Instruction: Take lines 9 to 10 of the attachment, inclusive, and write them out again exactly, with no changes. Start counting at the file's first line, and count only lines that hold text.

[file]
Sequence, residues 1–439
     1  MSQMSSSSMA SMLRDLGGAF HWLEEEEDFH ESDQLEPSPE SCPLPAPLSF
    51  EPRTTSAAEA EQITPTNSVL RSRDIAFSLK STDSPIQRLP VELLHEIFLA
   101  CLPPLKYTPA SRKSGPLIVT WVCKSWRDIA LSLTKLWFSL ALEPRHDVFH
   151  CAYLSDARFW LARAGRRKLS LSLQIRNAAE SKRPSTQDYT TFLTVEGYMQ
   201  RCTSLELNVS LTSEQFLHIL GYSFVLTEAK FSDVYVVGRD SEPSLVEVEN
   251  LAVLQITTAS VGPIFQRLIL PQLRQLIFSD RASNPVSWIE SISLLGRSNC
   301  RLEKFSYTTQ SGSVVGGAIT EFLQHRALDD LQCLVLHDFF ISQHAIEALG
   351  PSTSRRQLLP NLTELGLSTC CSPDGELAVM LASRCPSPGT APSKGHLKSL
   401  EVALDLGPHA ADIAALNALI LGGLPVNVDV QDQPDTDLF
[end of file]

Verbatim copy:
   351  PSTSRRQLLP NLTELGLSTC CSPDGELAVM LASRCPSPGT APSKGHLKSL
   401  EVALDLGPHA ADIAALNALI LGGLPVNVDV QDQPDTDLF